ZMag Archives

Cecilia Zarate-laun: The War On Drugs From The Supply Side

  Last October 25 a paramilitary patrol landed on the small town of El Aro in Colombia’s northern Antioquia province, with the intention of "doing away with the guerrillas." For five days the town was converted into a con¬≠centration camp. First, they killed Andres Mendoza,Wilmar Restrepo, RosaMaria Barrera, and Dora Angela Areiza in front of Read more…

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John M. Laforge: Nuclear Disarmament

The clamor for nuclear disarmament is being raised by millions the world over not only by established peace and anti-nuclear organizations, but by NGOs, scientific panels, retired generals, eminent military and civilian officials, nuclear weapons designers, and international judges. With the influential weight of these new voices, the United States has an opportunity to reconsider Read more…

Sandy Carter: Feminism and Classic Blues

   Because blues is such a heavily male dominated musical genre, it’s often forgotten that the first popular blues recording stars were women. During the 1920s when the emerging recording industry first realized the commercial potential of blues, women so dominated recorded blues that the popular image of a blues singer was a big-voiced black Read more…

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Edward Herman: The U.S. Jobs Miracle

  In both Europe and the United States, the substantial growth in U.S. jobs over the past several decades has been repeatedly cited in support of the view that a “flexible” labor market is the solution to the problem of unemployment that has beset the West once again. “Flexible” is a euphemism for “unorganized and Read more…

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Michael Bronski: Onward, Christian Soldiers?

  Gay Pride, Boston, June 21, 1977: It was a hot Saturday afternoon on Boston Common, and the crowd listening to speeches was restless. At long last, Charley Shively (professor of history at Boston College and a founder of Fag Rag, one of the first gay-liberation publications in the country) began his keynote speech. Sounding Read more…

Sharon Beder: Global Spin: The Corporate Assault on Environmentalism

Chelsea Green, 288 pp. Review by David Edwards This book deals with the real environmental crisis—the crisis that lies in the fact that the modern mass media system is a corporate system deeply embedded in, and dependent on, the wider corporate status quo; and in the related capacity of corporate power to boost facts, ideas, Read more…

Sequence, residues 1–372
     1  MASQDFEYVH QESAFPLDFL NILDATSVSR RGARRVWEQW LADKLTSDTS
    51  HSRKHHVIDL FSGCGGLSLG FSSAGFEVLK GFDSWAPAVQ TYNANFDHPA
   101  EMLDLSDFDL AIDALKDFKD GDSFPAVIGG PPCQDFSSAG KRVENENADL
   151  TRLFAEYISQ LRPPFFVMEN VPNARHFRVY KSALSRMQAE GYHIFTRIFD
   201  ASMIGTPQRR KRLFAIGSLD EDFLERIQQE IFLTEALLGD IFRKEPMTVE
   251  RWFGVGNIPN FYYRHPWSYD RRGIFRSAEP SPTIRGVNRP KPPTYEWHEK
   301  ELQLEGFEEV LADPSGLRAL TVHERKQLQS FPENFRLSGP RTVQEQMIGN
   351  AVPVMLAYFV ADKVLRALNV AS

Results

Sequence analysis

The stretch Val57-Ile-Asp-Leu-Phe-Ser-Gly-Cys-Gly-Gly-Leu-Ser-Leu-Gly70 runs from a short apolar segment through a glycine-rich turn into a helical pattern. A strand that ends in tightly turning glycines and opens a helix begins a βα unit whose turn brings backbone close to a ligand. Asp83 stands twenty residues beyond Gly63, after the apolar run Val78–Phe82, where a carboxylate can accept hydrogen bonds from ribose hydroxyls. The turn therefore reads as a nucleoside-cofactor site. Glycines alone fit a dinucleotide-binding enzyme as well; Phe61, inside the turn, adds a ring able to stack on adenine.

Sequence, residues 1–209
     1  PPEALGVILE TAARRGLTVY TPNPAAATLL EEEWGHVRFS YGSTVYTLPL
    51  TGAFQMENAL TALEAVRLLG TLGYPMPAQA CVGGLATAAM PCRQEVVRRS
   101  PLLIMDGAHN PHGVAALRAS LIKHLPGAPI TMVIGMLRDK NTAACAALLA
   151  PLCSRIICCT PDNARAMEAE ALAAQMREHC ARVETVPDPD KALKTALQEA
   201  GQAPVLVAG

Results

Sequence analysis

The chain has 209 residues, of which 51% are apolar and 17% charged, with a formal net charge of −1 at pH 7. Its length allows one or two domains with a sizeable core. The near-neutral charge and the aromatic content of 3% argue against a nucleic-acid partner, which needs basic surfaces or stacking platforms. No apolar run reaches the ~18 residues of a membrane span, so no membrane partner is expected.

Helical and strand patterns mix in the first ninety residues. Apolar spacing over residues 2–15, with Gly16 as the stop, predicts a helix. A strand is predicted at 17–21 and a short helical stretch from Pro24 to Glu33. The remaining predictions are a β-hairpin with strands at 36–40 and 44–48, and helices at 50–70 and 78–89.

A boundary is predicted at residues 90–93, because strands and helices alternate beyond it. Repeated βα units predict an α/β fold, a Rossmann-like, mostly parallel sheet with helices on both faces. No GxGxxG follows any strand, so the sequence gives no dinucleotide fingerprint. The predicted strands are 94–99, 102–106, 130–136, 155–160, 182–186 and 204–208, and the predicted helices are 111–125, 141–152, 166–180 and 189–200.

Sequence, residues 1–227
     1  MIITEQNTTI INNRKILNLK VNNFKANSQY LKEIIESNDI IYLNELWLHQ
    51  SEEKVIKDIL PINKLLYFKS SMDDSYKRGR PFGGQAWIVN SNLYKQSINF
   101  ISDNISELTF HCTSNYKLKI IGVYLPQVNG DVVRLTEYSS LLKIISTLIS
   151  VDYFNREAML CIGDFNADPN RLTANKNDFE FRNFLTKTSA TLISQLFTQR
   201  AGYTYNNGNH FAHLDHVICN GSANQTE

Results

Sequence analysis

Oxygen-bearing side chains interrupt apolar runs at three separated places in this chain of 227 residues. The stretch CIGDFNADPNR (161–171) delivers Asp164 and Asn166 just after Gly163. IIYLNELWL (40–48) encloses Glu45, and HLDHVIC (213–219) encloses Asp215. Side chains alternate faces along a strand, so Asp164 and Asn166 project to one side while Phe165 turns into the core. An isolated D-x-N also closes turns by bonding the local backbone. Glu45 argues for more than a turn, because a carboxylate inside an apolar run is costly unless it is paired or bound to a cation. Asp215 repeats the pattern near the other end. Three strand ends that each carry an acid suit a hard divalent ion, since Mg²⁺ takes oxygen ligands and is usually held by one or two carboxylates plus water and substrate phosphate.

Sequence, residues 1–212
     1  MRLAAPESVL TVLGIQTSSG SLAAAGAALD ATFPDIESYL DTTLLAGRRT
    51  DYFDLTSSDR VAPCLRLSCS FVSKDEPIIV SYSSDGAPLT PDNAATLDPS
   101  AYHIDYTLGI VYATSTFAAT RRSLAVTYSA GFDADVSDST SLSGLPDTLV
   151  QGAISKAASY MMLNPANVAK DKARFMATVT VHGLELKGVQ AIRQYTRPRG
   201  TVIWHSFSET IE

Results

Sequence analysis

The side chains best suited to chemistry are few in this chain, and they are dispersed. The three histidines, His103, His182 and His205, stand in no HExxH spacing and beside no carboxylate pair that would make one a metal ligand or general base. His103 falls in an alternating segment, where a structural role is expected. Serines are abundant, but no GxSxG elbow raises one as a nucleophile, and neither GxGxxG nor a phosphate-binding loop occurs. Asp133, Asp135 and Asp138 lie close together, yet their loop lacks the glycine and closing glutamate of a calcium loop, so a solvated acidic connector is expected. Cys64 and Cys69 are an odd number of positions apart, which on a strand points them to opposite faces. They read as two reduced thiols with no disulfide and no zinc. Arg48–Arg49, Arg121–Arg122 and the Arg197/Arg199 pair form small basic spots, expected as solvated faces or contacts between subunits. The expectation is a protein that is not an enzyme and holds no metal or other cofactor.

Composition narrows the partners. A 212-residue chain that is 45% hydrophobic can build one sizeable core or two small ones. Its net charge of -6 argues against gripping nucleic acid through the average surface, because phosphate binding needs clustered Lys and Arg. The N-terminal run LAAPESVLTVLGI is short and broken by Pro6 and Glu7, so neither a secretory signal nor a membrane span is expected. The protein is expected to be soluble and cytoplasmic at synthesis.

Kate Duncan: Microbroadcasting

  The movement for low-power community radio was relatively low-key until Stephen Dunifer founded Free Radio Berkeley with the intent not just to operate a small radio station, but to go to court in its defense. While the case lingered in the 9th Federal District Court, Dunifer used the protection of microbroadcasting’s legal limbo to Read more…

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Jeremy Brecher: Labor Update: Organizing the New Workforce

Jeremy Brecher   Traditionally, the majority of American union members have been blue-collar white males. Over the past quarter-century, this group became a smaller and smaller minority in the workforce, while other groups—sometimes dubbed “the new workforce”—grew as a percentage of organized and unorganized workers. The proportion of workers who were women started to grow Read more…

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Henry A. Giroux: none

  The assault by corporate America on public education has taken an ominous turn in the last decade. Funded by an array of conservative institutions such as the Heritage Foundation, Hudson Institute, and the Olin Foundation, the corporate drive to undermine public education has enlisted an army of conservative pundits many of whom served in Read more…

Catherine Cevoli: The Freeze: A Look Back

  It was the summer of 1992, and I was watching the second presidential debate. George Bush was explaining how Reagan’s military build-up ended the Cold War. “The Russians couldn’t keep up and it destroyed them,” he said. “If we’d listened to all those nuclear freezers, we’d still have the Cold War today.” I put Read more…

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